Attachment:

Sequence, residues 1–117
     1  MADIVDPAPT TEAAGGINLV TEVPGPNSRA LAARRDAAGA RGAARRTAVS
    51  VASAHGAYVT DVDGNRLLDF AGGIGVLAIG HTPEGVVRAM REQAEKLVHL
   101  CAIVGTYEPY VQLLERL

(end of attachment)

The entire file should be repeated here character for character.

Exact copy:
Sequence, residues 1–117
     1  MADIVDPAPT TEAAGGINLV TEVPGPNSRA LAARRDAAGA RGAARRTAVS
    51  VASAHGAYVT DVDGNRLLDF AGGIGVLAIG HTPEGVVRAM REQAEKLVHL
   101  CAIVGTYEPY VQLLERL